AAFCA Awards Keep Focus on Celebration of Black Films

Imeh Akpanudosen/Getty Images for AAFCA
Ryan Coogler (left) and John Singleton

“It doesn’t matter if a certain organization, the Academy, or another organization excludes our black artists," said director John Singleton. "We know that what we do no matter what is going to propagate over time."

If there was an expectation that Oscars snubbed actors would air frustrations at the lack of diversity while at the African American Film Critics Association (AAFCA) Awards Wednesday night, it didn’t happen.

The universal message at Hollywood’s Taglyan Complex was of celebration more than disappointment. Winners including John Singleton, Ryan Coogler and the casts of Straight Outta Compton and Black-ish took the time to uplift and recognize each other rather than to show disdain over not being recognized.

Academy Award-nominated director John Singleton (Boyz n the Hood) said he was “tired of having the [diversity] conversation.” After actor Courtney B. Vance (The People v. O.J. Simpson: American Crime Story) presented him with the 2016 AAFCA Legacy Award, Singleton used his time on the podium to speak to a room including DeVon Franklin, Anthony Anderson, Tyrese, Sanaa Lathan, Terrence J, Aldis Hodge, Rick Famuyiwa and Franklin Leonard that the mainstream exclusion was not important tonight or in the long run.  

“We’ve been fighting for inclusion ever since the chains have been put on. Sometimes when you make such an emphasis of inclusion you lose sight of the big picture, you lose sight of what the big end game is,” said Singleton. “In terms of pop culture in this country, we've already won the end game. It doesn’t matter if a certain organization, whether it's the Academy, or another organization excludes our black artists. We know that what we do no matter what is going to propagate over time. It’s going to change not only our own people but everybody else.”

Singleton added, "Be more concerned about what we do amongst ourselves and whether we're hiring each other. Be more concerned on whether I'm looking out for you and whether you are looking out for me.That's what I've always done ever since I've been in this business. I've looked out for other people of color and I've tried to make sure as I've learned from Spike [Lee] to bring as many people with me as possible."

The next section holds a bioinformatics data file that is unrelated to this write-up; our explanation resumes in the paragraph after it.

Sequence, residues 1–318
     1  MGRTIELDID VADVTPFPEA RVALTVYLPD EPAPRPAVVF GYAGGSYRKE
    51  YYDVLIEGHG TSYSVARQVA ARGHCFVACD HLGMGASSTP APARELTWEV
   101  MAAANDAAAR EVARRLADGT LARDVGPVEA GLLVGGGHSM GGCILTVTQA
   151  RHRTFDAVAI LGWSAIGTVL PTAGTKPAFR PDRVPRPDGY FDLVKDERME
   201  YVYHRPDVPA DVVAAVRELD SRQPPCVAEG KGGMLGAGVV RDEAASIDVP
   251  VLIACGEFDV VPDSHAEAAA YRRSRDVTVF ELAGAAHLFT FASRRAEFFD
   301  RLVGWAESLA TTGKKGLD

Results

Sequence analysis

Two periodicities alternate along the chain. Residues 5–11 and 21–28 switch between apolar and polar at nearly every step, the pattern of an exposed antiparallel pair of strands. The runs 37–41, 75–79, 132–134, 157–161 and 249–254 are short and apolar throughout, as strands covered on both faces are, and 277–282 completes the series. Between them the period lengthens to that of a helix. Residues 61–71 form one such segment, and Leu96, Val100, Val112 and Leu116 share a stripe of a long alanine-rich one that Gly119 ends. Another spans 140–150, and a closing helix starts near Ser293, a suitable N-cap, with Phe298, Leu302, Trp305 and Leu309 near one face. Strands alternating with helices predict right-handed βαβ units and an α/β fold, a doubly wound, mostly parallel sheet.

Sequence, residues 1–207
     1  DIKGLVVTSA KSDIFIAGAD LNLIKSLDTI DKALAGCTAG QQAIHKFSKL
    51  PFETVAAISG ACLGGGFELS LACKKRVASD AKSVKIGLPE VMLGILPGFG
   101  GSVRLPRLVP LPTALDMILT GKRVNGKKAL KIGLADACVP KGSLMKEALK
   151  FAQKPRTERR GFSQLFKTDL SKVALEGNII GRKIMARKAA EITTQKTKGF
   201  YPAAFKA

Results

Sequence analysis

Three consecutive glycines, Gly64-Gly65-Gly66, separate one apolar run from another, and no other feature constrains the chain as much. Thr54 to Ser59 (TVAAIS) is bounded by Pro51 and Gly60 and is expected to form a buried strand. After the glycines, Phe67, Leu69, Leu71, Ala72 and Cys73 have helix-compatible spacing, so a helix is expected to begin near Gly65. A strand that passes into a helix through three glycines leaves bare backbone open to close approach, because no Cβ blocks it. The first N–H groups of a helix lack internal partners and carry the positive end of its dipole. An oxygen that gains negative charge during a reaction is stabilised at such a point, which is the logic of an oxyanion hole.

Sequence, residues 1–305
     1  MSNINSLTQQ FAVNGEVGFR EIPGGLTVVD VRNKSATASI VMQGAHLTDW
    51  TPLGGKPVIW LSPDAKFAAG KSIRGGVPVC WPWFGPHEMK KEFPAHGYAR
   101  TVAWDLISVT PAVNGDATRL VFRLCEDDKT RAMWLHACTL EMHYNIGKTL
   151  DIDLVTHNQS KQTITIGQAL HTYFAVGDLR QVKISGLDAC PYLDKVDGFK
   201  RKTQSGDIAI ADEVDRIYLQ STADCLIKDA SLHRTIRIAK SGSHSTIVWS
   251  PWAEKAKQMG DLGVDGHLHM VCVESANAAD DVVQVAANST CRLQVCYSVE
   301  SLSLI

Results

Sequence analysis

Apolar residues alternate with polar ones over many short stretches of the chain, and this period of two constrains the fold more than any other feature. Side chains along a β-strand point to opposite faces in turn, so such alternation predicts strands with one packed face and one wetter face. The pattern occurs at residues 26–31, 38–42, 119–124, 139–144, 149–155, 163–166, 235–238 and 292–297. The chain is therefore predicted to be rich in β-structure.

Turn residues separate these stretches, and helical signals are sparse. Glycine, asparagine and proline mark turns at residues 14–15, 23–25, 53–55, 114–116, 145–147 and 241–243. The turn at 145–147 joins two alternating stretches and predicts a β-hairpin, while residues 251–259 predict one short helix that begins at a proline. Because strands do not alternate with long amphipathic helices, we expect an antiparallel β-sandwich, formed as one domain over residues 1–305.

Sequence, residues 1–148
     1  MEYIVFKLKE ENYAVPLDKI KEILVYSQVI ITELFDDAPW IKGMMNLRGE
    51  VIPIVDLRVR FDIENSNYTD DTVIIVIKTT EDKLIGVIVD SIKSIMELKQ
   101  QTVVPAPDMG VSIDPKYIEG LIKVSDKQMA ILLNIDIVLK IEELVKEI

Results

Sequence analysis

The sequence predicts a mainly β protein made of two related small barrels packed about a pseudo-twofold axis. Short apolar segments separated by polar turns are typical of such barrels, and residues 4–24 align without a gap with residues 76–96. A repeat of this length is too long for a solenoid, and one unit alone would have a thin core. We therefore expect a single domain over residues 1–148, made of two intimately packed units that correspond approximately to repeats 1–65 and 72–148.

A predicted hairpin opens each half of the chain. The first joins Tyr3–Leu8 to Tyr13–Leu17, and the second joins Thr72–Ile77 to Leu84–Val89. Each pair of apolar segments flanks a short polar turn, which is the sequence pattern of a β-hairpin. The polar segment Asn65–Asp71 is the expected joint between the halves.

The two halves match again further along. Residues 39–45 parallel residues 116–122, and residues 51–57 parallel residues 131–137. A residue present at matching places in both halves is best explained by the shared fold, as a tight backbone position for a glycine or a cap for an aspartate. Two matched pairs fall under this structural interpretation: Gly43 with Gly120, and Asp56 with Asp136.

When this year’s producer of the Oscars, Reginald Hudlin, took the stage to accept the inaugural Salute to Excellence award, all eyes were on Hudlin to possibly address the elephant in the room after the issue of stars attending and even watching the show have been expressed and new Academy rules were unveiled. But after Hudlin thanked his support system, he simply said, “Oh, I guess someone wanted me to say something about the Oscars. It’s on Feb. 28. Please watch the show. It’s going to be fantastic.”

After accepting his honor Hudlin told THR what was most important about tonight was not discussing how the diversity conversation will affect the Chris Rock-hosted Oscars, but being able to be honored by his fellow peers and film critics of color that night.

“I’ve worked with Black institutions my whole life and they are crucial,” said Hudlin “They are not competitive with mainstream or however you want to describe other platforms. They are complimentary. It’s a big deal to be honored by your peers. I’m very grateful.”

Later in the night, Singleton went on to have nothing but praise while presenting the award for best director to Creed’s Ryan Coogler who expressed that he felt the greatest knowing that his film resonated.

“What me and Michael [B. Jordan] would talk about is will our people feel it?” said Coogler. “We make this big huge movie and we want it to be successful both domestic and internationally but how much of us do we put into it? How will we measure if our people will feel it? It’s no true way to ever measure getting an award like this from film critics like you guys, from an organization like this, to be able to share the stage with legends like this. It’s the best feeling an artist can have.”

Roger Ebert’s widow, Chaz, noted the night was “not born out of no African-Americans got nominated for Oscars. It’s born out of celebration that we have a place to go where we can celebrate black films, we can celebrate Ryan Coogler for his accomplishment in Creed. Kudos to Sylvester Stallone for his Rocky series, but he wouldn’t have gotten the accolades he got this year had it not been for Ryan Coogler directing that movie and writing it.”

Special honors were also given to HBO Films (accepted by President Len Amato) and Lionsgate's Codeblack Films’ Jeff Clanagan who reminded the audience that their is an audience for black films overseas and called for artists in the room to continue to create more material, whether it gets greenlighted by the big studios or not.

“We got this big thing called the internet now so you can reach anybody at any time," he said. "If they don’t do business with you, you can stage the show. We have enough talented people in the room. There is money in the room. We should be doing for ourselves versus of always chasing the studios.”

The full list of AAFCA winners is here.

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